There’s been some question of if unsigned free agents named to World Cup teams, like Orlov, will play at the international tournament in Toronto. Orlov was named to Russia’s initial roster in March, along with fellow Washington players Alex Ovechkin and Evgeny Kuznetsov, and he intends to honor his commitment “no matter what,” Gandler said.
According to TSN, unsigned restricted free agents will be insured at the World Cup, which is put on by the NHL and the NHLPA.
Orlov is the lone Capitals player still unsigned for next season, and while his contract talks have seemingly dragged, he’s one of a handful of high-profile restricted free agents still without a contract, a list that also includes Tampa Bay’s Nikita Kucherov and Calgary’s Johnny Gaudreau and Sean Monahan.
Orlov did not elect for arbitration, and the team did not either, so there’s no imminent deadline for negotiations other than training camp. The most likely reason Orlov’s camp didn’t file for arbitration is concern that his case wouldn’t have been looked at favorably by an arbitrator and the outcome would’ve been a reduction in salary. Avoiding arbitration also helps to avoid hurt feelings during arguments about a player’s worth.
Expect Orlov to get a bridge deal with a one- or two-year term. Gandler has declined to comment on negotiations beyond saying that both sides are talking and it’s a normal process. With Washington re-signing Marcus Johansson to a three-year, $13.75 million deal with an average annual value of $4.583 million, there’s limited salary cap space left for Orlov. According to generalfanager.com, the Capitals have $3.45 million left in salary cap space, but that can’t all be dedicated to Orlov, as Washington will need at least $875,000 for a 14th forward and roster flexibility.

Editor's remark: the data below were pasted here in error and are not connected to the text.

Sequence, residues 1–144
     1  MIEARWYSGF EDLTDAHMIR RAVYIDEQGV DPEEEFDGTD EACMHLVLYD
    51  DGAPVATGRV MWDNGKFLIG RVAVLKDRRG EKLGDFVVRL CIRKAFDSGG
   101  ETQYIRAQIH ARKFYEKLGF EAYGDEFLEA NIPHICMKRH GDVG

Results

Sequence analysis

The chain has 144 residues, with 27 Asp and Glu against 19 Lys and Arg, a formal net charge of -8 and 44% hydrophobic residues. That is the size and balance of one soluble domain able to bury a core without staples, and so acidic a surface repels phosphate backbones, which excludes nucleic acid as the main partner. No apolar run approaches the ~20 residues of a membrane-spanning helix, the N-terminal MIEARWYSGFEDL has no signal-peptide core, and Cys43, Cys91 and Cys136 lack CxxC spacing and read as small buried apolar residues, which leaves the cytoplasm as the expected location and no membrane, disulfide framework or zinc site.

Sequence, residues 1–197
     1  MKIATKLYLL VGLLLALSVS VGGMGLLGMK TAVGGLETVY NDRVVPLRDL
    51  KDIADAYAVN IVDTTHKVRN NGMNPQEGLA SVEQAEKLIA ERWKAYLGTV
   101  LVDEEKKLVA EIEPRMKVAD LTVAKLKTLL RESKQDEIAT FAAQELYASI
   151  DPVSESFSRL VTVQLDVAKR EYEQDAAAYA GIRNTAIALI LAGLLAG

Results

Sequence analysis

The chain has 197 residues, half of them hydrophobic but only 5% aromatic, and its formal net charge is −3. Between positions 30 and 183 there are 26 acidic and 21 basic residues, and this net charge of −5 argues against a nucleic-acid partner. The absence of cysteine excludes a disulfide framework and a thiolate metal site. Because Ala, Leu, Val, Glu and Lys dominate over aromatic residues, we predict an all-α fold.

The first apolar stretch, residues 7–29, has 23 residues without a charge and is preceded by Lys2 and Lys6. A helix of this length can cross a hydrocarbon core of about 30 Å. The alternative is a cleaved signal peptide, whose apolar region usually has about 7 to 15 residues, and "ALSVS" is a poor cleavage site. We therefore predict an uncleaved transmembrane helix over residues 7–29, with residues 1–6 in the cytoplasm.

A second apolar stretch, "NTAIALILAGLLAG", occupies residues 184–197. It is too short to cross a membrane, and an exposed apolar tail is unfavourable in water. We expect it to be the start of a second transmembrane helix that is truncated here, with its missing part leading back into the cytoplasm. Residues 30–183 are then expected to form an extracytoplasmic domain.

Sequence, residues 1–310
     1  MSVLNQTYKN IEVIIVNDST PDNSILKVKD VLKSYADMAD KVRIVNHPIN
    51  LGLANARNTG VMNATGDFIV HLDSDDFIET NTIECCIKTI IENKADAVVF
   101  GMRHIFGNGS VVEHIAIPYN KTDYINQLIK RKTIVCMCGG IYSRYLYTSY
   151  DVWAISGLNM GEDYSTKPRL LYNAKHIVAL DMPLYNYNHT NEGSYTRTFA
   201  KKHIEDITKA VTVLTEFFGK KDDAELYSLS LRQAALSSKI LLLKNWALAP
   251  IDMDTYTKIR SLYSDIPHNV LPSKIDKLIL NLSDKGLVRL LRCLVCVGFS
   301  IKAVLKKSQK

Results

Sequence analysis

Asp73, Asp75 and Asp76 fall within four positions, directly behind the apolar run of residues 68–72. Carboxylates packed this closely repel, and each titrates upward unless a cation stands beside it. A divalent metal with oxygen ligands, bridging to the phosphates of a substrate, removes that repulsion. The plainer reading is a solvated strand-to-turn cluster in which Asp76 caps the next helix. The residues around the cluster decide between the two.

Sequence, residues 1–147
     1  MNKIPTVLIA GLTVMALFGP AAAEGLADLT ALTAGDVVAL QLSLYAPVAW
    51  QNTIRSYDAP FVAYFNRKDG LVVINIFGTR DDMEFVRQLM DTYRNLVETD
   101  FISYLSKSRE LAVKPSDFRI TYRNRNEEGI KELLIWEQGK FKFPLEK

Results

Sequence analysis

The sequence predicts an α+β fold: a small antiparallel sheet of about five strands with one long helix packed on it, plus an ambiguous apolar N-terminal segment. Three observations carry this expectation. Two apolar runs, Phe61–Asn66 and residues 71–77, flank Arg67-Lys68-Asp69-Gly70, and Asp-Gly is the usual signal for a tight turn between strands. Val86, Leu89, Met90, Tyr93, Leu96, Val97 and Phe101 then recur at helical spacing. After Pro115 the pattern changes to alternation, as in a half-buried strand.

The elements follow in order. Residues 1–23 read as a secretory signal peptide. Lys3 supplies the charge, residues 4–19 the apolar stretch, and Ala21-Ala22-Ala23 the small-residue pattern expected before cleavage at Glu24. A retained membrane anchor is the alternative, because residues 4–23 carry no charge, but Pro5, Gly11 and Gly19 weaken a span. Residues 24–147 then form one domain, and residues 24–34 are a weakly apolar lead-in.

That leaves the Capitals with about $2.6 million for Orlov. Before the 2014-15 season, Orlov signed a two-year deal worth $2 million a year, but he made $2.25 million last season, so Washington has room for only a modest increase in salary. Orlov missed the entire 2014-15 season, and despite some inconsistent play, he was a key cog in an oft-injured defense last season, one of three blue-liners to play in all 82 games. He scored eight goals with 21 assists, and General Manager Brian MacLellan envisions Orlov occupying a top-four role on Washington’s defense in the future.
Orlov’s qualifying offer expired on July 15, and that just means the Capitals are no longer bound to matching last year’s $2.25 million salary, but they still retain the negotiating rights to him. Because Orlov’s birthday is after June 30, his unrestricted free agency years won’t start until 2019-20, so even if Washington signed him to a two-year deal, he’d still be a restricted free agent at its conclusion.
While his NHL options are fairly limited without arbitration, Orlov does have one other outlet open to him. The Kontinental Hockey League’s CSKA Moscow owns Orlov’s KHL rights, and CSKA General Manager Sergei Fedorov was recently asked about Orlov playing for the team. He told Russian media that while he’d like to sign Orlov to a contract, it’s Orlov’s intention to continue playing in the NHL.